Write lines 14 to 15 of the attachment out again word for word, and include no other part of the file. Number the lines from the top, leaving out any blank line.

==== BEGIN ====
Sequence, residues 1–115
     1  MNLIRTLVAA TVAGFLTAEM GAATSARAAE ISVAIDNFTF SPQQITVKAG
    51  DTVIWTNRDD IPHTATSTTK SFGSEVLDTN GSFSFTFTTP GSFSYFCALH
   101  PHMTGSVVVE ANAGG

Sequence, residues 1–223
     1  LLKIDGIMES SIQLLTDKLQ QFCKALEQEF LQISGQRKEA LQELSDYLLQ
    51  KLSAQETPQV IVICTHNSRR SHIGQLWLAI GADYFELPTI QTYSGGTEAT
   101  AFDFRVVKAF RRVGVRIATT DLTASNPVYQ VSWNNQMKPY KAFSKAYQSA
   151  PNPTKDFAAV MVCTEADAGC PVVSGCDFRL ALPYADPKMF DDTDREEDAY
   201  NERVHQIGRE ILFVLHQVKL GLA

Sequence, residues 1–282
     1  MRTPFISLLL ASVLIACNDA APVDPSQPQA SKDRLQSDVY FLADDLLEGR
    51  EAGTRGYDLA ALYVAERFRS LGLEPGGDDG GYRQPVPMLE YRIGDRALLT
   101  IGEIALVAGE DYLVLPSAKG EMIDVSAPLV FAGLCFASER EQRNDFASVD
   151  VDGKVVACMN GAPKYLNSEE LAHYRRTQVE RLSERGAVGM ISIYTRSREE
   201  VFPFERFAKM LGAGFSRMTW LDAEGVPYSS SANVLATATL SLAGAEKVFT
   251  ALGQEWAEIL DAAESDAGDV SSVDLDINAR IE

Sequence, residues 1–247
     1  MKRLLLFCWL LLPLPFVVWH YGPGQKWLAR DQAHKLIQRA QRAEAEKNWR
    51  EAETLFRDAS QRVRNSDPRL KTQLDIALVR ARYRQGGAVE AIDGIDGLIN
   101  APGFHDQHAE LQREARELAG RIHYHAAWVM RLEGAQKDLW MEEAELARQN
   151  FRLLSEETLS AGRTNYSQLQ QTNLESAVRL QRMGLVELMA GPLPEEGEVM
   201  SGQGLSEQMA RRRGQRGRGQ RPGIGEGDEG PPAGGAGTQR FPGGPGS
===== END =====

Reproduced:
   101  IGEIALVAGE DYLVLPSAKG EMIDVSAPLV FAGLCFASER EQRNDFASVD
   151  VDGKVVACMN GAPKYLNSEE LAHYRRTQVE RLSERGAVGM ISIYTRSREE